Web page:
University of Phoenix| The Pro’s and Con’s of Plastic Surgery | Com 150 Effective Essay Writing| Patrice Elliott 11/15/2009 | So many people wonder about plastic surgery. Ranging, from individuals who have been plagued by disease, and need it to feel whole, to those who are vain and want to look different. Cosmetic surgery has come across more people’s minds in this day and age than in any other time in history. Plastic surgery has been viewed as a form of art, in that it can literally make a person appear as someone else.
Perhaps renew a confidence you used to have, or give you confidence you never had, but are there risks and are you ready to accept them? Plastic surgery originated in ancient India. It is well documented in Sushruta Samhita (June 2006) by Kaviraj Kunjalal Bhishagratna, “that several types of surgery were performed in the Vedic period about 3500 B. C. He mentioned several procedures such as otoplasty, rhinoplasty, tissue grafting, and even organ transplants and cross grafting of head and limb transfers. Plastic surgery is often “performed solely to improve appearance in otherwise healthy persons. ” During plastic surgery an individual’s nose can be reconstructed, extra skin can be removed from any part of the body, fat can be eliminated from the abdomen and hips, even the size of the ears can be reduced. When an individual is healthy and wants to enhance their appearance there are specific dangers involved.
Don’t waste your time!
Order your assignment!
According to Angel Papadopulos, secretary of the Mexican Association of Plastic, Aesthetic, and Reconstructive Surgery, “sometimes people who are poorly trained perform this type of surgery, generally resulting in much harm”. (The Truth about Plastic Surgery Abroad 2006) So many people think it’s only women that are caught up in pursuing the “ideal image”, but men strive to be perfect as well. Nearly 55,000 American men undergo some form of plastic surgery and they account for up to 14 ercent of all plastic surgeries done in the United States. According to The Male Body Owner’s Manual (K Winston Caine 1996) “Usually men undergo these procedures because they seek a competitive edge over younger men in the job market. The risk because of this range from nerve damage, excessive blood loss and even skin discoloration. The top 5 procedures men have done are, nose reshaping, eyelid surgery, liposuction, breast reduction, and dermabrasion. It’s also important to point out that insurance does not pay for these procedures and they can be quite expensive. What about plastic surgery that backfires? One of the dark sides of plastic surgery is that so many people use it to reduce their weight. Could it actually make you gain weight? The answer is yes. According to , Natalie Kita (2009), “Liposuction removes only subcutaneous fat, deposits located just below the skin, and leaves untouched the most dangerous kind of fat, visceral fat (fat deposits located inside the abdominal cavity).
While no studies to date have clearly shown a causative relationship between liposuction and weight gain, some studies have shown that surgical removal of subcutaneous fat may contribute to increased visceral fat, which then poses an increased risk of developing insulin resistance (a precursor to diabetes which does tend to encourage weight gain) and elevated triglycerides. ” It shows us that the less fat that’s taken out during the surgery procedure, the less risk of weight gain after the operation.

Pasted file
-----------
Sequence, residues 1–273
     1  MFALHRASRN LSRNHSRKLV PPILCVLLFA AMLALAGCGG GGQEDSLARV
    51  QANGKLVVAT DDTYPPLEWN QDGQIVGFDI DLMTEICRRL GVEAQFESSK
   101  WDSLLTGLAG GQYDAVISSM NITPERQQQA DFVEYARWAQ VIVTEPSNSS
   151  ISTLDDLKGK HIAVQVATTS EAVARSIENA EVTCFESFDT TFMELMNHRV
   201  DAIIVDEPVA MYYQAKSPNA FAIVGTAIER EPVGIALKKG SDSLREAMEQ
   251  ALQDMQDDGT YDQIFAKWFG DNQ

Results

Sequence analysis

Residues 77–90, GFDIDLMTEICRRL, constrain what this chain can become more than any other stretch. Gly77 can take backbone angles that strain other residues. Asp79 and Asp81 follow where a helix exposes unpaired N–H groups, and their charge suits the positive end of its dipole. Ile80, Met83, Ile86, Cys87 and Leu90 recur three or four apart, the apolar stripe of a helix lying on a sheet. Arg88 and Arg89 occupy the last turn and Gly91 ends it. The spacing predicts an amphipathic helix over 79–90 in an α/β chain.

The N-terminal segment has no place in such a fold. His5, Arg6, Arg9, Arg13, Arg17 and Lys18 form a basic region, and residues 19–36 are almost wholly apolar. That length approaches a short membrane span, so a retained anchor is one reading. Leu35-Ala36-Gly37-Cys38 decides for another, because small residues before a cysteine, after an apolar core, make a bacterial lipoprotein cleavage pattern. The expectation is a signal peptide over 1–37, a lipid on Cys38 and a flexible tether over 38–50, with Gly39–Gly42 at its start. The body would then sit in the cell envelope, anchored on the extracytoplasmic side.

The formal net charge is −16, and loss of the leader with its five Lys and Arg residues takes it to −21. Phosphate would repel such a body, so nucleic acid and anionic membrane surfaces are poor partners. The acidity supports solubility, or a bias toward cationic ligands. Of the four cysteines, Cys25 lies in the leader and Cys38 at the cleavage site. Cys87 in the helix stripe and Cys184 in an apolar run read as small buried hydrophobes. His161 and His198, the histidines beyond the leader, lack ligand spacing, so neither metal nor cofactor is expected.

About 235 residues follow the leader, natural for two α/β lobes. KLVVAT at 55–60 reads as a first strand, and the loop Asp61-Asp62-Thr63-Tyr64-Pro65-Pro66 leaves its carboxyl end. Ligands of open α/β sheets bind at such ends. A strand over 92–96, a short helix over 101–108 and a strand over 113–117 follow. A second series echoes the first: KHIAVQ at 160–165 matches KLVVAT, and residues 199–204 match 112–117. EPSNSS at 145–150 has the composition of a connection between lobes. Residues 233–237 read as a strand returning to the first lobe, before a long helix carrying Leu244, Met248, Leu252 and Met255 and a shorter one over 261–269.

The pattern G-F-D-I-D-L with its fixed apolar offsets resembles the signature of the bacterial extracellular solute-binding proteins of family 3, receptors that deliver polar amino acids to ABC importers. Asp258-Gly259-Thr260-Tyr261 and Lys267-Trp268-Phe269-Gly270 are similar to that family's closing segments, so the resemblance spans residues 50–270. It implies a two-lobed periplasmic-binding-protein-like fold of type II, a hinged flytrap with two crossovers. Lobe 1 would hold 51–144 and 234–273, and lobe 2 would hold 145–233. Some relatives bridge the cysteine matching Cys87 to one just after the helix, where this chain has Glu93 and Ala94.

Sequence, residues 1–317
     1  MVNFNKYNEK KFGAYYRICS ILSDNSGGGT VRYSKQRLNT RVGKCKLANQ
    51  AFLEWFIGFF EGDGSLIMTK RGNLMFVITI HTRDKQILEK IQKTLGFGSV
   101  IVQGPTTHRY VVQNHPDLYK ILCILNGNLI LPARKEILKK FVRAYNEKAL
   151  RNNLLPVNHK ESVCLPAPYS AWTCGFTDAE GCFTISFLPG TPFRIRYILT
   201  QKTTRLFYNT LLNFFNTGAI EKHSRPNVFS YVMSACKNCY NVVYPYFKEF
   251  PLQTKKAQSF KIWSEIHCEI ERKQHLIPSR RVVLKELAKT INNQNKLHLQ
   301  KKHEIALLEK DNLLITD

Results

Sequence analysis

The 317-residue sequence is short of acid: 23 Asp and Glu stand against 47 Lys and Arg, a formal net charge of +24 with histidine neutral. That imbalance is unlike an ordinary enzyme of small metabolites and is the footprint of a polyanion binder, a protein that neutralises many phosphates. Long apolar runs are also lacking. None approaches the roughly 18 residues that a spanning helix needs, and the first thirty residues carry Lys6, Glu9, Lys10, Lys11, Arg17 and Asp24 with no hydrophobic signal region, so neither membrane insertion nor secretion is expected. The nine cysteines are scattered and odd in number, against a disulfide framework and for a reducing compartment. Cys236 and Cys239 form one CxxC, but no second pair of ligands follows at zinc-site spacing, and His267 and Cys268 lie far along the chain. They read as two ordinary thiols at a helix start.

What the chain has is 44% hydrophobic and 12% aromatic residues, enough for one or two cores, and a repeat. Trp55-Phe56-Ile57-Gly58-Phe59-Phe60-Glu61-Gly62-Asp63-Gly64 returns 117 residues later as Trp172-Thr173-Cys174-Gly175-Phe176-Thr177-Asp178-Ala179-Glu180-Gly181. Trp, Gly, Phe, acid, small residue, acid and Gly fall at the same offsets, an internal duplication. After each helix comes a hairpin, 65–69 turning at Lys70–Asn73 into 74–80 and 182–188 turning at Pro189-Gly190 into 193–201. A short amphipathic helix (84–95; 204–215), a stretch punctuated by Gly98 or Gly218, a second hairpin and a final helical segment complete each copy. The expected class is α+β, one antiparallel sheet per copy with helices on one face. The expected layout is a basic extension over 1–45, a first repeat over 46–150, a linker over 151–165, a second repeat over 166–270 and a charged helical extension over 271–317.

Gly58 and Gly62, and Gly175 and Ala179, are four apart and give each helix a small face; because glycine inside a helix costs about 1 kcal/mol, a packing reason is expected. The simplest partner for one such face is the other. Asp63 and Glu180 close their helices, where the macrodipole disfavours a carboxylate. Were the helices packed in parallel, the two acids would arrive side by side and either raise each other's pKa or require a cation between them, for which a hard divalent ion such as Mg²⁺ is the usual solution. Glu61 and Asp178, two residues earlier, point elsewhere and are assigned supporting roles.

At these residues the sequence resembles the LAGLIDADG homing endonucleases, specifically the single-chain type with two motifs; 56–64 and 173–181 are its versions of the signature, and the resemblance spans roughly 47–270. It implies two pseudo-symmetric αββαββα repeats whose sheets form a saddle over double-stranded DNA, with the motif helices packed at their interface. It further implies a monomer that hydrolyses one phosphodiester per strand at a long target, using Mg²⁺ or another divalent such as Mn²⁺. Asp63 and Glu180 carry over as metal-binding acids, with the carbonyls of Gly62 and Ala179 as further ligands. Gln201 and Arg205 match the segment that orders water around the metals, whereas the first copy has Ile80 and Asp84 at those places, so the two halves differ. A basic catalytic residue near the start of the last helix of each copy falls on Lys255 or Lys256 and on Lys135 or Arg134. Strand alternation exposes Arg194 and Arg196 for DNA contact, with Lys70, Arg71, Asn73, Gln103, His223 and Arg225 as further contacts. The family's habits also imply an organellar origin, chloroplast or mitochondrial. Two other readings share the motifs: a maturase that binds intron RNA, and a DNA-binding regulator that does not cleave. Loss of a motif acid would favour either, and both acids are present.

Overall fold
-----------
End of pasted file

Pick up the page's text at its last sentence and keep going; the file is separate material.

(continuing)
Although many people think that cosmetic surgery and plastic surgery are the same, they are not. With so many people anxious to undergo cosmetic surgery and so many physicians that want a piece of the pie, it is extremely important that an individual interested in these procedures has access to accurate information. A person must remember that cosmetic surgery is used to actually enhance a person’s appearance through surgery. It is used to either, maintain a person’s normal appearance, restore it to what it once was, or enhance a specific feature. It is can be applied to all areas of the body.
Since there are people that enjoy the affects of cosmetic surgery it continues to grow even in this economy. According to Real Beauty News (2008), Brian Kinney, MD named three reasons for the economic growth of cosmetic surgery, “aging baby boomers, bariatric weight loss surgery and “Hollywood. ” Procedures that were once rare are now basically commonplace. Tummy tucks, thigh lifts and the like have been introduced as a way to tighten loose skin after dramatic weight loss has taken place. ” This proves that individuals of all cultures and economic levels continue to have plastic surgery done.
While board certification by the American Board of Plastic Surgery, (ABPS) may provide an individual with evidence that he/she is competent in plastic surgery, it does not necessarily mean the physician will know what they are doing, nor does it mean that they will have had more education, training or experience than any other board-certified doctor. So many doctors feel they are competent in performing plastic surgery procedures, when they are not certified to perform these procedures. When this happens, it jeopardized the patient’s safety and can cause irreparable harm.
With plastic surgery or even cosmetic surgery, it doesn’t seem logical to try to model ourselves after those who are viewed as perfect when in reality everyone has flaws. In most cases an individual’s need to be perfect means taking desperate measures. These measures can have consequences. Body image is not all there is. Everyone individually must make their own decision on whether or not plastic surgery or even cosmetic surgery is right for them. The pros and cons of each can be weighed when research is done. Look at the health and side effects of any surgical procedure to assist in the decision making process.